The Boy Alexander and His Rise to Power
I first heard of Fire from Heaven (The Novels of Alexander the Great) by Mary Renault while reading another Coming-of-Age novel whose young protagonist, interestingly enough, also bore the name Alexander.
With one good book leading to another, I soon found myself greatly enjoying the story of the boy who grew up to become one of history’s most known and respected leaders.
The voyage from boyhood to manhood of the young prince of Macedon is comprehensively portrayed. Relying on true historical sources as much as possible, author Renault describes events from Alexander’s childhood, starting from the age of four.
The novel reads both like an adventure and a memoir, with abundant references to Greek mythology. It contains Alexander’s personal remarks and those of others who witnessed his upbringing.
“He was fond of the boy, who seemed to belong nowhere: too bright for the seven-year-olds, though not yet seven; too small for the older boys.”
While the narrative is filled with historical and mythological references, it doesn’t feel like reading a boring textbook as the manages to explore the childhood of Alexander the Great credibly, yet movingly.
When Alexander reaches the age of seven, his tutor subjects him to a training inspired by the traditions of Sparta, which was aimed to “rear disciplined boys, hardy, uncoddled and respectful “. It’s training that his father encouraged but his mother disliked. “Sparta, symbol of past tyranny and present oligarchy….” Attention is also paid to the young Alexander’s scholastic training as well as well as to the life-lessons that shaped his personality – such as the answer his mother gives to his complaints when she curls his hair before his appearances before guests in the royal palace:
“Mother, you must stop curling it. None of the other boys have it done….
What is that to you? You lead, you do not follow..”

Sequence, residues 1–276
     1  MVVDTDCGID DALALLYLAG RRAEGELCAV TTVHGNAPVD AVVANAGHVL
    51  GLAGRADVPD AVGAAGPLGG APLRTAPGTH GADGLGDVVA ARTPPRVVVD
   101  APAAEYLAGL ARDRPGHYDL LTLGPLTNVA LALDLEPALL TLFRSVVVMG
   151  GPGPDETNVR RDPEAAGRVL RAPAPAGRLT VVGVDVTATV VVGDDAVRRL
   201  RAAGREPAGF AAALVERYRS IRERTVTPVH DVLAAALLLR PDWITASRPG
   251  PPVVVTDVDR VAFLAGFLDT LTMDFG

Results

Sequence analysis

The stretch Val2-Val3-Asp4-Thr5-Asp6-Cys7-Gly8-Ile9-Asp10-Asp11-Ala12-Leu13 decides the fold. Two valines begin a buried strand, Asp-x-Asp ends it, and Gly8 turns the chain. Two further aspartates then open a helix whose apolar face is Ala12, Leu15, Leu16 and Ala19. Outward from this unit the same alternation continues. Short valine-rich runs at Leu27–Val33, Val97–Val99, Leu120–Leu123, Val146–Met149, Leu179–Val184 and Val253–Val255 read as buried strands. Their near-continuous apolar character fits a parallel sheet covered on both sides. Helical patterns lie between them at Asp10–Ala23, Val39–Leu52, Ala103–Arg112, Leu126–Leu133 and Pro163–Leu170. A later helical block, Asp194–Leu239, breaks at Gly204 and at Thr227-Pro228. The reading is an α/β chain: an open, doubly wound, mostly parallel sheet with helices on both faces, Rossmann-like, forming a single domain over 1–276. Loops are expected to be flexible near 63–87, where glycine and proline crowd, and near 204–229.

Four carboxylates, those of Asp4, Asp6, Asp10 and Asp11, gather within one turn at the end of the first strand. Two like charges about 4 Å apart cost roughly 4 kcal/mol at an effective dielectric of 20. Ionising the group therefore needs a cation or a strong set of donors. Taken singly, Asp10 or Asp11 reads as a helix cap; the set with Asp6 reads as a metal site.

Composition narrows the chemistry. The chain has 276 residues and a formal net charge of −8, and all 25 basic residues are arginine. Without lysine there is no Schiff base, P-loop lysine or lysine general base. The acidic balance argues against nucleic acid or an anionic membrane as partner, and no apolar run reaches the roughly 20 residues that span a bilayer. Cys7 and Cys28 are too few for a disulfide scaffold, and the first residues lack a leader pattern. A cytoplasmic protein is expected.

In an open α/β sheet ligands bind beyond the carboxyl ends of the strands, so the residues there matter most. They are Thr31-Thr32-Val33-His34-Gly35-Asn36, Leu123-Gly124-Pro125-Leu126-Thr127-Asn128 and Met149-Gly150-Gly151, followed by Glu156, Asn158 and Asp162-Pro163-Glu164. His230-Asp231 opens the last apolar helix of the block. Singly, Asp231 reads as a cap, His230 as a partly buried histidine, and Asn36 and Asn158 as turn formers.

The emphasis that Mary Renault lays on the lifelong close friendship of Alexander and Hephaistion is essential to the book. It’s a friendship much like that of the Greek heroes Achilles and Patroclus and has become an ideal and a model of purity and reliance. With Aristotle being a teacher of young Alexander, it will come as no surprise that the book inspires the values of self-reliance, love and friendship in its readers:
“…they discussed friendship often. It is, they learned, one of the things man can least afford to lack; necessary to the good life, and beautiful in itself…Friendship is perfect when virtuous men love the good in one another; for virtue gives more delight than beauty, and is untouched by time…”
One of the best values found in Coming-of-Age narratives, both in cinema and literature, is that one is able to learn a lot about life while at the same time reflecting on his/her own experiences — drawing parallels between them and those of the protagonists of the book or movie.
Fire from Heaven is filled with wisdom about life and gives a lot of food for thought to its readers, young and old alike. I ended up highlighting a lot of phrases, both to use in this review and for safe keeping. The phrases impress, even if taken out of context. But when one discovers them within a moving novel, they and their meanings engrave themselves in the readers mind.
At half-length I was thinking that novel would lose its appeal, ceasing to be a Coming-of-Age narrative as Alexander left his boyhood days. Yet, as I read I found myself drawn to the decisions that he had to make – some as daring and mysterious as those of his youth. When I finished the book, I found that I had rediscovered my appreciation for the historical figure of Alexander the Great. I am in awe of the skillful craftsmanship of Ms. Renault.
Having enjoyed the book, I won’t hesitate to highly recommend it — even to those who have little interest in historical literature – as it greatly manages to keep one’s interest in its narrative.
“Time had misted the hardships; it had the taste of vanished youth.”